The app works, but there are some important restrictions. You can’t use it to control your music, play podcasts or make calls, and only some flash briefings work. If your watch goes into standby mode it drops the Alexa connection. The developers recommend extending the timeout period for apps on your Watch, which is effectively admitting that it just doesn’t work quickly enough.
Until or unless Amazon or Apple offer Alexa support this is the only way to have Alexa on your wrist, and the app is a handy way of controlling smart home devices if you’re committed more to Amazon than to Apple. However it’s very limited, very much a side project for the developer and more of a proof of concept than an app you’re going to use for everyday Alexa stuff.
The longer we’ve had our Apple Watches, the more we’ve come to appreciate simplicity: while the App Store is full of apps that offer all kinds of features, the ones we actually use every day tend to do one thing very well. Round Health is that kind of app: it’s designed to make sure you take your medicine, and it does so with the minimum of fuss. You can also have it as a complication, so you know exactly what you need to take next.
Whether it’s vitamins or medication, most of us have had that “did I take it today?” thing. That’s no big deal if you’re just topping up your vitamin D in winter, but for people taking birth control or who have serious and/or chronic conditions it’s often very important to take certain medicine at certain times.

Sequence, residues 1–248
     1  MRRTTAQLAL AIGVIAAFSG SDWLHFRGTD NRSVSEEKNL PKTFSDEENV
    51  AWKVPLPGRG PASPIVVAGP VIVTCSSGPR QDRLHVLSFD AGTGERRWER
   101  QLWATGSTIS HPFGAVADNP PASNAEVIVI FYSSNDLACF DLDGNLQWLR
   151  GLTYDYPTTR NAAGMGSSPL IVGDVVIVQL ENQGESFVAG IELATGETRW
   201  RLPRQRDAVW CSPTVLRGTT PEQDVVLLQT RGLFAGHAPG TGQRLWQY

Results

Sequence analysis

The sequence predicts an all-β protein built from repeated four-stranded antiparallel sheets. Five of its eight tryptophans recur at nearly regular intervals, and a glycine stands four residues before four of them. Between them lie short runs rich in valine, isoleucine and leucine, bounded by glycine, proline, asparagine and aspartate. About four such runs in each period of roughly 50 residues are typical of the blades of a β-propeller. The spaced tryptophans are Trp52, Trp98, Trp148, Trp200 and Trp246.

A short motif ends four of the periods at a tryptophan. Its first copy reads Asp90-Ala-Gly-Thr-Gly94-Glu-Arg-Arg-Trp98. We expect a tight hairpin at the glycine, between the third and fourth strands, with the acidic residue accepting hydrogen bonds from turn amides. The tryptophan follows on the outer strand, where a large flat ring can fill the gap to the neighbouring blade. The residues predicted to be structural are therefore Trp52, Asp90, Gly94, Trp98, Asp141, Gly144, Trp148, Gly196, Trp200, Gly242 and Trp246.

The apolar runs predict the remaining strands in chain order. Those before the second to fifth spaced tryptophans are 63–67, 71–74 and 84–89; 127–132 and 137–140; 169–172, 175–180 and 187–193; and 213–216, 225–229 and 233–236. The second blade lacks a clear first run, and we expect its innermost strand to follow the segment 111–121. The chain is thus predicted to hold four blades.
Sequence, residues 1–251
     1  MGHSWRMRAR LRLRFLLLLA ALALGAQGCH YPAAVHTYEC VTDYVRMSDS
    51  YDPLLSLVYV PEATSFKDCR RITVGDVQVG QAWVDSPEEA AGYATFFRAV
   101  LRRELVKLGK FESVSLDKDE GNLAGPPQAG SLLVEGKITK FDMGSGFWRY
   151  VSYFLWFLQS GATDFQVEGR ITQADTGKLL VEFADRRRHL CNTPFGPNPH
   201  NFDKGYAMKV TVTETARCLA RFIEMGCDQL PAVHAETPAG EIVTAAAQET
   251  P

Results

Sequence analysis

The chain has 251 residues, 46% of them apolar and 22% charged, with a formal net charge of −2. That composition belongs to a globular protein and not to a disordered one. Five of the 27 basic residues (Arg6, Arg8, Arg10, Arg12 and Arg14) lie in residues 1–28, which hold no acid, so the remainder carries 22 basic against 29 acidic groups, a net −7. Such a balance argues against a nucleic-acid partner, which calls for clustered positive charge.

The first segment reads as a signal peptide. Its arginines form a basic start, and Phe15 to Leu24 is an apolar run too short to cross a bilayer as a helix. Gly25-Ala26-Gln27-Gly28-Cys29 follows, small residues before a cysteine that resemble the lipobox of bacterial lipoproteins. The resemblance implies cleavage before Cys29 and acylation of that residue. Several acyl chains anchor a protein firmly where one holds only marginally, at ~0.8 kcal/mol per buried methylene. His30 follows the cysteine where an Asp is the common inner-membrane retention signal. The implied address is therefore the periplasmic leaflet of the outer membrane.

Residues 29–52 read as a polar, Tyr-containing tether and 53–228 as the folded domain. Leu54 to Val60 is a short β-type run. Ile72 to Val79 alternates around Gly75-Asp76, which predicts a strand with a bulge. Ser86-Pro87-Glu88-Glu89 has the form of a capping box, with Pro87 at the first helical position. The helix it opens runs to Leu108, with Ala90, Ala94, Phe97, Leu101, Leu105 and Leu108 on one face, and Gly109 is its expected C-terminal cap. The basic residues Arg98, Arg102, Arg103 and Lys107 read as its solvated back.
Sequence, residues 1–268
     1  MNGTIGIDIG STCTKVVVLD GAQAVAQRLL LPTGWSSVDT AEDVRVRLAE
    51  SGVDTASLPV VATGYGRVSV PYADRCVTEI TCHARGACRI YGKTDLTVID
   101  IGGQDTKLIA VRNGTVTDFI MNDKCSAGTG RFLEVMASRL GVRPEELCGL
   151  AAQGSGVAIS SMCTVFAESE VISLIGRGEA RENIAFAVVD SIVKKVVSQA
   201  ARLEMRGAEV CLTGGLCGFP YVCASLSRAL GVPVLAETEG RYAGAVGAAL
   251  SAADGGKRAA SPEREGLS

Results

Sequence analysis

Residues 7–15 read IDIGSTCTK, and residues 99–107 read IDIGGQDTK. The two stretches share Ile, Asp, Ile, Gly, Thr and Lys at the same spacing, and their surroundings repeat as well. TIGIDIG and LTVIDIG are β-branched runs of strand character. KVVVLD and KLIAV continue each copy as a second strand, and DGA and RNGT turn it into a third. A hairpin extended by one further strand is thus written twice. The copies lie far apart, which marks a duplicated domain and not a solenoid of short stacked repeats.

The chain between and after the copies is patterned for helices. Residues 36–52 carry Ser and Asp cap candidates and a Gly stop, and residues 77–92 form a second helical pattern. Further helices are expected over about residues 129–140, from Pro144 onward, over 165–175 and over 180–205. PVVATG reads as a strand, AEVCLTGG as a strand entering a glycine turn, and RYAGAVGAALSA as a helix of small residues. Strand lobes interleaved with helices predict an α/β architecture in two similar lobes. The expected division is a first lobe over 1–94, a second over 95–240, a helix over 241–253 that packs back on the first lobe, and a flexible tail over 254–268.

With Round Health you can set simple but persistent reminders that make sure you take what you need to take, and it supports more complex medical regimes involving multiple medications and schedules as well as tracking when you need to renew your prescription.
The term ‘life-changing’ is bandied around a lot to describe rather ordinary apps, but Round Health is a great way of helping you stay on top of your health.
Like many health-related apps, Lifesum really wants you to take out a subscription: that’s $44.99/£34.99/AU$69.99 per year, though it sometimes runs a 30% off promotion. The core app is free, though. Its goal is to help you think about what you eat and what activity you do and to make positive changes to make yourself healthier.